When granting guardianship, the court can give the guardian complete control over a person’s life, depending on the extent of incapacity. The court can grant either guardianship of the person or guardianship of the estate.
In guardianship of the person, the guardian is granted the responsibility of making decisions relating to their ward’s medical treatment, residence, and other personal issues. Guardianship in estate allows the guardian to manage the ward’s estate, income, legal actions, insurance claims, and assets.
Some of the responsibilities of a conservator include:
- Taking charge of the ward’s meals, clothing, personal care, housekeeping, transportation, recreation, and overall well-being.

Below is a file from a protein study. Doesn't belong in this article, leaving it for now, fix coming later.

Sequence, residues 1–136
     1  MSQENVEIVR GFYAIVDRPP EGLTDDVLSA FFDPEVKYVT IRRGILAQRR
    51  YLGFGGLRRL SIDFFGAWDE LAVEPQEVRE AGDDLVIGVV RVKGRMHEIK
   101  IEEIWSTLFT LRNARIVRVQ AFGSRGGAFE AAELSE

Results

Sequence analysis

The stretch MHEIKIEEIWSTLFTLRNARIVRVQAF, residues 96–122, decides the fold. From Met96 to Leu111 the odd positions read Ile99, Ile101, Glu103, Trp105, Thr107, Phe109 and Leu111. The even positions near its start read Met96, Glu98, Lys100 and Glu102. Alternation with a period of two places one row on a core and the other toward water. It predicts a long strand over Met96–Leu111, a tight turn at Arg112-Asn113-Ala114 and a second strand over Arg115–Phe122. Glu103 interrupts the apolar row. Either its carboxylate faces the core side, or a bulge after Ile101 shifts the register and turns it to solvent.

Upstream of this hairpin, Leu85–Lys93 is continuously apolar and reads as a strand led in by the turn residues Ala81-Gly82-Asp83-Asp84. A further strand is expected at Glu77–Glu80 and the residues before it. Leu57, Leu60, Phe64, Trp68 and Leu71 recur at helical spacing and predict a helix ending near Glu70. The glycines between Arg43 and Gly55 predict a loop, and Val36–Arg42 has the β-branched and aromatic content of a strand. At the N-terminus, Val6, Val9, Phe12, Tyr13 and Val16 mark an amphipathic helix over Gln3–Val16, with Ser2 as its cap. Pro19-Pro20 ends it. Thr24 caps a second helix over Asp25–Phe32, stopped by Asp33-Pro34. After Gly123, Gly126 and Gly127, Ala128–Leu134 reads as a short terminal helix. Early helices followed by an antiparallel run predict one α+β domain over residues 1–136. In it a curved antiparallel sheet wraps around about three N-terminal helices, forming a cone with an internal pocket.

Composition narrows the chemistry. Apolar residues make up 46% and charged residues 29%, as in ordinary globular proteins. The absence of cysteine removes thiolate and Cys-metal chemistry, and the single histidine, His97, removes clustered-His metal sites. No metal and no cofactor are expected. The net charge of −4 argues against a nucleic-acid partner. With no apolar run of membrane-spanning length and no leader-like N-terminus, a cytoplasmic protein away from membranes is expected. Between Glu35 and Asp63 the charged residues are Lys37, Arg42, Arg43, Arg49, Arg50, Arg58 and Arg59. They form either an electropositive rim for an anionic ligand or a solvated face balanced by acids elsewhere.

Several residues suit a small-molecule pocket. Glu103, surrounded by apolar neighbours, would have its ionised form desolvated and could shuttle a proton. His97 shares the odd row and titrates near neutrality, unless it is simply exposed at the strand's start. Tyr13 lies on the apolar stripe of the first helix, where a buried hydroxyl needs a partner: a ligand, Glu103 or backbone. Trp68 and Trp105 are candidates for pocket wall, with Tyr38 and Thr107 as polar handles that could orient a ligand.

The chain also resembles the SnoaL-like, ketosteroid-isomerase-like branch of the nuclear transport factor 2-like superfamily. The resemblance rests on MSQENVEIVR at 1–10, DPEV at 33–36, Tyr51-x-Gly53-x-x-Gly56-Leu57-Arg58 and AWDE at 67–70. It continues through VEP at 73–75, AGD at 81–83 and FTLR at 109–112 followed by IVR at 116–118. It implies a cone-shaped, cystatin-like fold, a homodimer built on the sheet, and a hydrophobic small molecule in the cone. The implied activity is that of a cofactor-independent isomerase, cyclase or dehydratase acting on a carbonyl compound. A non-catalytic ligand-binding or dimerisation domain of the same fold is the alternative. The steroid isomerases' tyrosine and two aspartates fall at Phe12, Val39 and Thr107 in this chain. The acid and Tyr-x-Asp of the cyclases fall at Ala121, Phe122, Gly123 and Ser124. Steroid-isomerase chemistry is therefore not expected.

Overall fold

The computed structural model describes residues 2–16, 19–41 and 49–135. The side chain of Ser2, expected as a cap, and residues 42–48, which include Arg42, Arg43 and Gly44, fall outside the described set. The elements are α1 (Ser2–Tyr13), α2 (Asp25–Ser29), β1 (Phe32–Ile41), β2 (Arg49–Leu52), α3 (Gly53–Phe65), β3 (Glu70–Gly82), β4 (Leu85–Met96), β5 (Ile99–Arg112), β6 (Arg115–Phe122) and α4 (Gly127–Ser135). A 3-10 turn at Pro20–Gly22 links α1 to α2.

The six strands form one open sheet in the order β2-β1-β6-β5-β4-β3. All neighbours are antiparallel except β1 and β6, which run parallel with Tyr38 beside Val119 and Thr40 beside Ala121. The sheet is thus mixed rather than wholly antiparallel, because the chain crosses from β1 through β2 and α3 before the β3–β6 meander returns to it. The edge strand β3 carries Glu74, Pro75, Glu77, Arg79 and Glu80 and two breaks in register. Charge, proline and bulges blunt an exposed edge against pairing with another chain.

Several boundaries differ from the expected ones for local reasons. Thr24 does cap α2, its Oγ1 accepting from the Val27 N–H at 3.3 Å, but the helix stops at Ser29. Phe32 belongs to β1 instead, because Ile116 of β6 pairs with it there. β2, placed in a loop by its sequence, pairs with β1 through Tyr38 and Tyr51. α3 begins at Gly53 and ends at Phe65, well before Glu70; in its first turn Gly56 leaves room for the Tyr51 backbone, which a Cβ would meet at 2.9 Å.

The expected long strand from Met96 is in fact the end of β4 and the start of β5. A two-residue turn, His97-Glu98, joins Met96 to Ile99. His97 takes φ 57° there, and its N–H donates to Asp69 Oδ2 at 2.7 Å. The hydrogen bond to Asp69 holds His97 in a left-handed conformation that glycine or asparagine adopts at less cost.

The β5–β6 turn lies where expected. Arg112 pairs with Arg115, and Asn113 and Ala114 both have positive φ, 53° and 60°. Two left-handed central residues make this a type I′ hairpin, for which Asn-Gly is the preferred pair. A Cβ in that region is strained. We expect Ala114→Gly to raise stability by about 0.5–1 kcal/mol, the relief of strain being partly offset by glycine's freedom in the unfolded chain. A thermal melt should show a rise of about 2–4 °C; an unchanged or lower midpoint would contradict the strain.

- Making decisions on where they reside.
- Making medical decisions, including paying their medical bills.
- Making decisions affecting their quality of life.
- Protecting the adult from financial exploitation by creditors.
- Ensuring living conditions are in good shape.
- Providing consent for medical treatments.
- Deciding how the ward’s assets are invested.
- Proper management of the ward’s finances.
- Ensuring income taxes are filed and paid as needed.
- Making crisis decisions.
- Keeping records of expenditures and financial transactions and making regular reports of the financial accounts to the court.
A conservator has a legal obligation to make decisions in the ward’s best interest. Most importantly, the guardian must not use the ward?s resources for their personal gain. That means a guardian can be sued by interested parties if there is a reason to believe that they did not act in the ward’s best interests.